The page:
Having reached tbe conclusion we bave in tbis case it may be conceded, though it is not decided, that tbe defendant was negligent in not giving warning of tbe approach of its train by bell or whistle, in exceeding tbe speed limit fixed by municipal ordinance and in allowing tbe railroad bed at tbe crossing to become rough by reason of tbe rails being exposed from two and half to three inches in height and of holes therein.
Tbe evidence shows that Mulberry Street runs east and west parallel to and immediately north of the railroad track, on the railroad right-of-way, and that a person traveling south on Crabtree Street enters Mulberry Street and proceeds some 40 or 50 feet before crossing tbe railroad track, and from tbe entrance into Mulberry Street to tbe crossing of the railroad track such person has an unobstructed view of the railroad track east of the Crabtree Street crossing — at the entrance to Mulberry Street .a clear view of 250 feet down tbe track, and close to tbe track, just before entrance thereupon, an unobstructed view of the track east for “several hundred yards.” James Charles Smith, tbe only eye witness of tbe collision introduced as a witness by tbe plaintiffs, was standing about 25 yards south of tbe railroad track and about 35 yards west of tbe crossing, testified: “I saw the train way on up the track about 400 yards, and I saw the truck drive upon the track. The train looked to be about 400 yards up the track. I saw the truck drive up on the crossing and the train was still coming. The truck looked like it was trying to get off, kinder moved back and forth and settled down at the time tbe train bit it. After the train hit tbe truck it brought it way on down there tbe other side of me, took it on down there tbe other side of the switch. I was looking at the truck the instant it was hit.”
It is manifest from the evidence of the plaintiffs that if their in-testates bad looked east down tbe railroad track they could bave seen tbe train for a considerable distance from any point after entering Mulberry Street and reaching the crossing of Crabtree Street and the *247railroad track. It is inescapable that the driver of the truck proceeded to drive the truck upon the track, a known zone of danger, without stopping to avoid a collision with a train approaching from the east.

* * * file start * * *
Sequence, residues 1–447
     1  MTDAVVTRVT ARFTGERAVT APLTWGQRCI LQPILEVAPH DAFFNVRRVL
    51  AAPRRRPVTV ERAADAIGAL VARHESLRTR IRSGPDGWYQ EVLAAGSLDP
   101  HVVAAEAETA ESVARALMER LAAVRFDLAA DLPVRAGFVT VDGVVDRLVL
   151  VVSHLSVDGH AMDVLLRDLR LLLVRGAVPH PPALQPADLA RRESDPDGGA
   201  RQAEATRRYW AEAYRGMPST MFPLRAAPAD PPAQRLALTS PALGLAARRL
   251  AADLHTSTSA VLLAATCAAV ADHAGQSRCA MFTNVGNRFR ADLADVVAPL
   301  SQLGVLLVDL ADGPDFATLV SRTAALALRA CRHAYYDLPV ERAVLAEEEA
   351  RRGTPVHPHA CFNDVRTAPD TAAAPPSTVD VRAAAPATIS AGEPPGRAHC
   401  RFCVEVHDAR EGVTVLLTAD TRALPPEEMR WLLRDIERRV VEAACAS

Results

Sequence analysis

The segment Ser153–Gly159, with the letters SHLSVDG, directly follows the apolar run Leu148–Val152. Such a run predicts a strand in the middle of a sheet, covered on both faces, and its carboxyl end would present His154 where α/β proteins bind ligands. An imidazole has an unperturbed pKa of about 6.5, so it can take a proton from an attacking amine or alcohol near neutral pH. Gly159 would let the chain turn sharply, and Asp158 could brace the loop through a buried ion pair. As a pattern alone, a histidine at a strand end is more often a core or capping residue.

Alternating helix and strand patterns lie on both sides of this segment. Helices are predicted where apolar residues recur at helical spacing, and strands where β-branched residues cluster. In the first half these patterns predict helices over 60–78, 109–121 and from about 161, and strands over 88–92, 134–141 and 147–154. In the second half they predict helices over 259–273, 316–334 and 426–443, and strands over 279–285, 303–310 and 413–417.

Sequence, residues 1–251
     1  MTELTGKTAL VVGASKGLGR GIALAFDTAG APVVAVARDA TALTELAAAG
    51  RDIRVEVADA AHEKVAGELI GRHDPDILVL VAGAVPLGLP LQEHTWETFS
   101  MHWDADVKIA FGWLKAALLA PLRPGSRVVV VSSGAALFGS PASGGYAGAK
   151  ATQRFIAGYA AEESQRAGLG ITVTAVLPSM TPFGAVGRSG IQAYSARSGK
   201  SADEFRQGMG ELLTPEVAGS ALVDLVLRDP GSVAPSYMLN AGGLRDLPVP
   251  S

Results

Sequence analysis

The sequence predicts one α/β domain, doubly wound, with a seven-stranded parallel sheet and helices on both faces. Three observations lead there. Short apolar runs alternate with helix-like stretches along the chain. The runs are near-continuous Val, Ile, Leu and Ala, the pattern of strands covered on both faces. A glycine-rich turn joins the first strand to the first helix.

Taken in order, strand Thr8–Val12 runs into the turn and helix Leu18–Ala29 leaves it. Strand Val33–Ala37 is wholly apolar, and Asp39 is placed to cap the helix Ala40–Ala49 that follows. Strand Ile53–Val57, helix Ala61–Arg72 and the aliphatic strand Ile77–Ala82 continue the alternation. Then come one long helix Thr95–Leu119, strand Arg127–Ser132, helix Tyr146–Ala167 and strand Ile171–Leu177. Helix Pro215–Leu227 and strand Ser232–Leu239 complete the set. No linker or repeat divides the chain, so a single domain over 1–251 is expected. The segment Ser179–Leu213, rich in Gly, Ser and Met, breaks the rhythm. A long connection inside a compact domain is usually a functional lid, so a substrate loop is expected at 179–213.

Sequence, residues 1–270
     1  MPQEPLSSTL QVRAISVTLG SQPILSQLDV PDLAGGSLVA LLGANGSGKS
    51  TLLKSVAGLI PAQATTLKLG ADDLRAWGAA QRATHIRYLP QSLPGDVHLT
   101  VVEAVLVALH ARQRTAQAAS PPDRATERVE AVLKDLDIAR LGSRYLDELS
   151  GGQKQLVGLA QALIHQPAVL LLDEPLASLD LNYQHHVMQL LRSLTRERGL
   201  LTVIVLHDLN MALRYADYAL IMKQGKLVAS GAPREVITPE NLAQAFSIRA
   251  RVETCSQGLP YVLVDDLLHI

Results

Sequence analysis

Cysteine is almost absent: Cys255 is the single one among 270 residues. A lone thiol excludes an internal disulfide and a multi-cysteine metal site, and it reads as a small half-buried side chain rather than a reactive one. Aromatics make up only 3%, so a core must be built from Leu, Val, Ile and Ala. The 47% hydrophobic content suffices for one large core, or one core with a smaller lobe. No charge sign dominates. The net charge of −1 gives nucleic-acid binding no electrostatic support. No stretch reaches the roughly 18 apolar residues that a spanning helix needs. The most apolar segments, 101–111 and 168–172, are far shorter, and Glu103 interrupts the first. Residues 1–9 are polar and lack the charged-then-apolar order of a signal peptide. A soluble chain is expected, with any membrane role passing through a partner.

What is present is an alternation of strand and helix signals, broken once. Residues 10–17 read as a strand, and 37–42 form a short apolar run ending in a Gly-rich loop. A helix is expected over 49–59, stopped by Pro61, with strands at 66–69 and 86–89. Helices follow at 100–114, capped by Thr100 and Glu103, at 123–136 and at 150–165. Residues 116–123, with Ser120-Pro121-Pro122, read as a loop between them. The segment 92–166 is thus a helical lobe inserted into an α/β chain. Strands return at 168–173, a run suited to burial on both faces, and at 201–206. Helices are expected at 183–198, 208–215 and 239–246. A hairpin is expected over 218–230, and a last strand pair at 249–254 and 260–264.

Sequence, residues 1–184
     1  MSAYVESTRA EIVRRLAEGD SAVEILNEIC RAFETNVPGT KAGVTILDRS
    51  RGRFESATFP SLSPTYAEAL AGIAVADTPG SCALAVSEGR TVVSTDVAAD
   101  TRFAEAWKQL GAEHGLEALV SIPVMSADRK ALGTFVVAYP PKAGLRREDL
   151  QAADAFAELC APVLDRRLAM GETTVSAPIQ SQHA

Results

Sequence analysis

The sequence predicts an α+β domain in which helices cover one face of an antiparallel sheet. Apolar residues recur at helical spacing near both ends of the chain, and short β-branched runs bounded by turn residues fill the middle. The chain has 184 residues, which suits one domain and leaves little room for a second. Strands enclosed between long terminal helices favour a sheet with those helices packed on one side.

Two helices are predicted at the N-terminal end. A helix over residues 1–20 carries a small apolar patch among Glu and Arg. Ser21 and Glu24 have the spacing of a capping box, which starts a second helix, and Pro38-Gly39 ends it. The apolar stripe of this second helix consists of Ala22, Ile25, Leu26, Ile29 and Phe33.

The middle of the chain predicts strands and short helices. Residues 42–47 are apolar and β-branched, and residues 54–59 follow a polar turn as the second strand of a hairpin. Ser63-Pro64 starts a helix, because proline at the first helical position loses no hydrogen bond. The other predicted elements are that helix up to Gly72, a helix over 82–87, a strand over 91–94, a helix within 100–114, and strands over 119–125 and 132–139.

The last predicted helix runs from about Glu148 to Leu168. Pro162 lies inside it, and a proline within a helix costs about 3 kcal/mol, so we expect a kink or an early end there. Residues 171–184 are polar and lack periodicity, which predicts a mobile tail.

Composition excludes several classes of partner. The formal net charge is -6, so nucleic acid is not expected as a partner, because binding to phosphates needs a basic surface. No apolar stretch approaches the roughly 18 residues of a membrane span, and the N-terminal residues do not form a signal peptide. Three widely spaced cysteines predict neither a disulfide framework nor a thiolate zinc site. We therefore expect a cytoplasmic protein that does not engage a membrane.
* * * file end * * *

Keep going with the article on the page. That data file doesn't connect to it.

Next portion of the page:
The law applicable to this case is stated in the well considered opinion of the present Chief Justice in Godwin v. R. R., 220 N. C., 281, 17 S. E. (2d), 137, as follows: “It is the prevailing and permissible rule of practice to enter judgment of nonsuit in a negligence case, when it appears from the evidence offered on behalf of the plaintiff that his own negligence was the proximate cause of the injury, or one of them. Battle v. Cleave, 179 N. C., 112, 101 S. E., 555; Wright v. R. R., supra (155 N. C., 325, 71 S. E., 306) ; Bede v. Hooks, 218 N. C., 105, 10 S. E. (2d), 608. The plaintiff thus proves himself out of court. Horne v. R. R., 170 N. C., 645, 87 S. E., 523. It need not appear that his negligence was the sole proximate cause of the injury, as this would exclude any idea of negligence on the part of the defendant. Absher v. Raleigh, 211 N. C., 567, 190 S. E., 897. It is enough if it contribute to the injury. Wright v. Grocery Co., 210 N. C., 462, 187 S. E., 564. The very term 'contributory negligence’ ex vi termini implies that it need not be the sole cause of the injury. Fulcher v. Lumber Co., 191 N. C., 408, 132 S. E., 9. The plaintiff may not recover, in an action like the present, when his negligence concurs with the negligence of the defendant in proximately producing the injury. Construction Co. v. R. R., 184 N. O., 179, 113 S. E., 672. . . .